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Children with autism and Down's syndrome taught sign language in Latvia

Take note – story published 4 years ago

Children with autism, Down's syndrome and other developmental disorders have begun acquiring sign language, which allows nonverbal or minimally verbal children to communicate more effectively with their families, reported Latvian Television on July 6. The Latvian Portage Association offers sign language teaching services as part of their early correction program.

Within three months, Mārcis has acquired sign language and is able to sign mother, father and indicate what he desires to eat for lunch. “We wouldn't understand what he's saying, and he'd get angry. Now we've started understanding what he wants. And he's more serene now. He asks for what he wants – bread, meat, sausage. We know what to offer him,” said Mārcis' father Ivars. 

30 families in Rīga and Liepāja are learning to sign as part of the European project. “Parents are as much involved in the process as their children, as we can't teach a child to sign without teaching his parents,” said Ineta Kursiete, head of the Latvian Portage Association.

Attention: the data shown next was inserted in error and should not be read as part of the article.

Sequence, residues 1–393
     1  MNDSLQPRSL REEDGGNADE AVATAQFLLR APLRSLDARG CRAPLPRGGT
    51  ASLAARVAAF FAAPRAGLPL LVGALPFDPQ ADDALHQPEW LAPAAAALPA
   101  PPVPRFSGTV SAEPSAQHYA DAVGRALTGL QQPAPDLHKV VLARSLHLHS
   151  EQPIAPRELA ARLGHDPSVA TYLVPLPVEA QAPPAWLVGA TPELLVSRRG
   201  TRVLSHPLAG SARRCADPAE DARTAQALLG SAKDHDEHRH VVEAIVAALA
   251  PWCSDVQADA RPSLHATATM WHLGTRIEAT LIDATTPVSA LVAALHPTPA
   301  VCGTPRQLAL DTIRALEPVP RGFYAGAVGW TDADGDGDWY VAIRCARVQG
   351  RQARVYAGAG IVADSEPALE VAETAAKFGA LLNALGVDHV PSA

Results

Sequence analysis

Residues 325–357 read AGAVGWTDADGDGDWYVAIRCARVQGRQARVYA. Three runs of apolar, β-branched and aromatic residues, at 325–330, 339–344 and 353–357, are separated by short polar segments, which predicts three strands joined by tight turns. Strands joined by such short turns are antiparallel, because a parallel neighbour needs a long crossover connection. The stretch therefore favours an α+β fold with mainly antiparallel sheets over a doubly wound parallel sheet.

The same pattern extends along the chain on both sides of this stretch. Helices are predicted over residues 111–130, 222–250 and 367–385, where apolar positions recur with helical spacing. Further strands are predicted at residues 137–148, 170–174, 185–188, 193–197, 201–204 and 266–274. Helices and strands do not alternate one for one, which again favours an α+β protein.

Funds have been allocated to bring in visual materials and learning programs from Germany and the UK. An eye-controlled computer is on the way from the US. 

A child without communication skills is left outside of his family, outside his peers, and can't say much of anything,” said Kursiete.

Every child has an individual plan created for him or her, and the weekly lessons progress in steps which respect every child's individual priorities. At present, the Latvian Portage Association offers its framework of support for EU Funds. The association hopes, however, that the educational service will be included in the services covered by the municipality. 

“We'd like to continue this endeavour. Not to exhaust the EU funds, bring the project to an end and cease providing our services. We have addressed the Welfare Department of the Riga City Council. We've spoken about contracts we could enter into once the project comes to an end, and the social services could buy this program,” said Kursiete.

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